Mount Aconcagua



     Mount Aconcagua is not only the highest mountain in the Andes of South America, it is also the highest mountain in the whole Western Hemisphere.  In fact, it is the highest mountain in the world outside of the Himalayas.  It is near the border of Chile in the west central part of Argentina.  It is not possible to get very close to it by road.

     To actually climb the mountain, or even to get very near it, would require a permit and several days of backpacking.  But the views from a distance are perhaps more impressive than being on the mountain itself.  Some of the best are from the pretty green valley pictured here, the Horcones Valley, which is about as far as one can hike in an afternoon, and still make it back to the road before dark. 

     December 16, 2009 was a beautiful clear, calm day in the Andes.  At 6:35 p.m., the ashes of Richard were sprinkled upon this golden rock, in view of the great peak, with the words “Te doy a los vientos de Aconcagua*  By coincidence, within seconds, the sun sank behind a hill to the west, a strong wind immediately picked up, and the remains were blown off down the valley toward the distant mountain.


* “I give you to the winds of Aconcagua.”



Torres del Paine



     The Torres del Paine National Park is the jewel of the entire Andes range, and is the most famous national park in all of Patagonia (southern Chile and Argentina).  It is also one of the most difficult to get to, being at the far southern end of the continent.  Even though it is in Chile, no roads go there within that country.  One has to cross into Argentina and drive south on several hundred miles of dirt and gravel roads, and then cross back into Chile.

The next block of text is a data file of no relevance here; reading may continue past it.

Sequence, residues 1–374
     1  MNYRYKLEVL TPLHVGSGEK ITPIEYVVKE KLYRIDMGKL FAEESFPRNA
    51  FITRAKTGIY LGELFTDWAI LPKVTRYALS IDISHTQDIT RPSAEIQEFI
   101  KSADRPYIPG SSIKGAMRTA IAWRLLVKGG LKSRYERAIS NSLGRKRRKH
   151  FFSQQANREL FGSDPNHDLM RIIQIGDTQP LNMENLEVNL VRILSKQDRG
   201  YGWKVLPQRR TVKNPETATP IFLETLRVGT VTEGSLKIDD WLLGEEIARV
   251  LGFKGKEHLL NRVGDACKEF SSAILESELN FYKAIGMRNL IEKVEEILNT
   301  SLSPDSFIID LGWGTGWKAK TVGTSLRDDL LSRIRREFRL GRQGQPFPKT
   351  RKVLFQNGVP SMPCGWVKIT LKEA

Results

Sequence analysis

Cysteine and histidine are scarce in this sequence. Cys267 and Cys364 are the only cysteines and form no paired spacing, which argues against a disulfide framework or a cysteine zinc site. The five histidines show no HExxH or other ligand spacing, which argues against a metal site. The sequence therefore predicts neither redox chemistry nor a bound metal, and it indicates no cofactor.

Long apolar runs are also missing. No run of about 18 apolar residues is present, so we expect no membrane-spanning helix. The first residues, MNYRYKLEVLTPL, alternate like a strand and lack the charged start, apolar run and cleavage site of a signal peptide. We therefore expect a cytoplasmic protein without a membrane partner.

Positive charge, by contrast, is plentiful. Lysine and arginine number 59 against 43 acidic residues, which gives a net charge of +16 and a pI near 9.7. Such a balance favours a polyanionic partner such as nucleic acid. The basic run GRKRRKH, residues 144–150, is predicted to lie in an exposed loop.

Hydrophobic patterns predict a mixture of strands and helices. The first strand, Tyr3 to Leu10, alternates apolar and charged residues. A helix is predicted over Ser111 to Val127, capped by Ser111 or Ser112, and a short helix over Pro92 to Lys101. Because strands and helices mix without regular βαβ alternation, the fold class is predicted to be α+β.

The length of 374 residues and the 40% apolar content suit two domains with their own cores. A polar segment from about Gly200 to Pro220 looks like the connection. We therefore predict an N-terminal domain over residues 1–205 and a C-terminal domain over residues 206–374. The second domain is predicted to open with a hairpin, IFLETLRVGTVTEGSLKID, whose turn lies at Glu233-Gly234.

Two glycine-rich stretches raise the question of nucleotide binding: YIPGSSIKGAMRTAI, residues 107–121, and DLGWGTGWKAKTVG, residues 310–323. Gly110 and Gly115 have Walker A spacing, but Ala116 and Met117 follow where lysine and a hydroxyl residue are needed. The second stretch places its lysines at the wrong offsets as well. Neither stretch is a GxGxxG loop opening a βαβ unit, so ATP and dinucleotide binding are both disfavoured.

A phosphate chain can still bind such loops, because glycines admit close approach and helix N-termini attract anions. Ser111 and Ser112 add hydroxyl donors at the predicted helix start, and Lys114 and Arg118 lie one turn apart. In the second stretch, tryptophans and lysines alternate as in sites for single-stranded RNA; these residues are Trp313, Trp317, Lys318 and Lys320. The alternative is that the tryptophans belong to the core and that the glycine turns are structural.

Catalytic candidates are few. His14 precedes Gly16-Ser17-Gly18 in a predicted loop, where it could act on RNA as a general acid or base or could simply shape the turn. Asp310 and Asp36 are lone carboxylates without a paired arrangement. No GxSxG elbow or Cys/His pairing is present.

The famous three granite towers in the far distance are the remains of the insides of an ancient volcano, the outside of which long ago eroded away.  They can only be reached by a lengthy backpacking trip.  But magnificent views can be had, on clear days, from Lake Azul, or from the Cascades of the River Paine, below. 

     On the day before Christmas 2009, after waiting for an hour for the dark overhead clouds to pass, the sun finally appeared momentarily, permitting a few pictures, though the towers themselves were never clear that day.  It was at this time, at 2:45 pm, that the last of the ashes were delivered into the waterfall. 


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